Upworthy has only been around for a couple of years now. Within those couple of years, it has become one of the most popular blogs on the internet. It has changed the game for advertisers and publishers and can teach you a lot about audience engagement. The site introduced ”attention minutes” as a way to assess how engaging its content was. The minutes showed just how long someone was spending on a page and determine whether someone enjoys the content.
Here are three things Upworthy knows about audience engagement.
It’s All About the Headline
The headline is one of the most powerful parts of content. Some of the more popular Upworthy headlines have something dramatic and intriguing, making the reader want to click to find out what the post is all about. It has been attacked by critics who believe that the site is just have click-bait headlines, but that isn’t true.
The truth is that good headlines that draw people in are a necessity. It’s that and the short description that people see on the search page or through a social media share. You want people to think ”what? Really?” or ”I need to know more” when they see it.
Engaging and Interesting Content
Audience engagement is more than just getting people to click on a title and read something. The content needs to be interesting and make people want to reply. It should make them want to leave a comment or share that post with their friends, which is something that Upworthy has understood from the beginning.
There are different ways of doing this, but story telling is proving to be a popular option. People love a story that is linked to their problem. Start of the post with an introduction to the problem through a story, give the solution and then share the outcome in the end. As long as the outcome is left to the end, people will keep reading because they need to know it.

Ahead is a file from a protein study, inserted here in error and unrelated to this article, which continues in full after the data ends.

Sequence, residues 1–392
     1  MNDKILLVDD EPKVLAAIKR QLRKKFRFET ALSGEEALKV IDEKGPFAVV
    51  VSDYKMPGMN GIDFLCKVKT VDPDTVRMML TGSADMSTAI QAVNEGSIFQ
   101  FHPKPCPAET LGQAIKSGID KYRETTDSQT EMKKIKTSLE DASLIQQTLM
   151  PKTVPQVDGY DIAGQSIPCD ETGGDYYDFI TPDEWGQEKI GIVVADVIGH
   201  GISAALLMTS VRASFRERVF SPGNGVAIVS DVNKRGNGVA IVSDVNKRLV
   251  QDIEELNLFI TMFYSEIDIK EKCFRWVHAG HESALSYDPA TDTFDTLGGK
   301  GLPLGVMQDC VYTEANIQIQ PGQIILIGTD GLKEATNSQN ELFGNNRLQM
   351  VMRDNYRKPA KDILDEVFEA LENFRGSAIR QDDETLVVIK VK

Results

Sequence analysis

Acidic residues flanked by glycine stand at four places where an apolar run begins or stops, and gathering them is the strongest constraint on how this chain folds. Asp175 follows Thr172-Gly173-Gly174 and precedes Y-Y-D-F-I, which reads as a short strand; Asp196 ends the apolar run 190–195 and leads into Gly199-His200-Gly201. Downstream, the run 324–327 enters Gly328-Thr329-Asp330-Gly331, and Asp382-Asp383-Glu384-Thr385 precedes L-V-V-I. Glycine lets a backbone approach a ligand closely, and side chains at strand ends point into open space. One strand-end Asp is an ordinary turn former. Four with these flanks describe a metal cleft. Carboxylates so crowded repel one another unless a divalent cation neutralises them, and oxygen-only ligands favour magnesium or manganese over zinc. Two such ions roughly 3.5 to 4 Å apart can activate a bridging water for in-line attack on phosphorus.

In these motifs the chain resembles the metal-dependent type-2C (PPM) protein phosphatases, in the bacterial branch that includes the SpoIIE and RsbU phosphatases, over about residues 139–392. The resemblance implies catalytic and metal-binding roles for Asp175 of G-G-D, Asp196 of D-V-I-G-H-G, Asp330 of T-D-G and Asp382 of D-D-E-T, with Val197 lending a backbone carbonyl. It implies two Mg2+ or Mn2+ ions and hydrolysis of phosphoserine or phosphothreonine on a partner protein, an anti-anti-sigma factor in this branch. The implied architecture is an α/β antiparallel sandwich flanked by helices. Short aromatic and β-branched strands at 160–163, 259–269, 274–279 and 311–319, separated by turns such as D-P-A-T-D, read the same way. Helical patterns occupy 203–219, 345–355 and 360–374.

Write for the Audience
The premise for Upworthy has always been to write for the person, then the revenue follows. This is a very important part of engagement. People want to feel like the information has been written just for them, and not with their thoughts as an afterthought behind making money. This is a direction that the major search engines are taking too; relevancy and good quality are more important than stuffing keywords into the content.
Think about the problem that a person is facing and create content around that. Give them the solutions, the answers to a question or even the information they need to start their project; whatever the question or topic requires.
Upworthy has improved its audience engagement from day one because the site owners understand what people want. It’s worth taking a page out of the site’s book to help boost your own engagement. As the audience enjoys your posts, you will soon find the revenue follows, just like Upworthy did.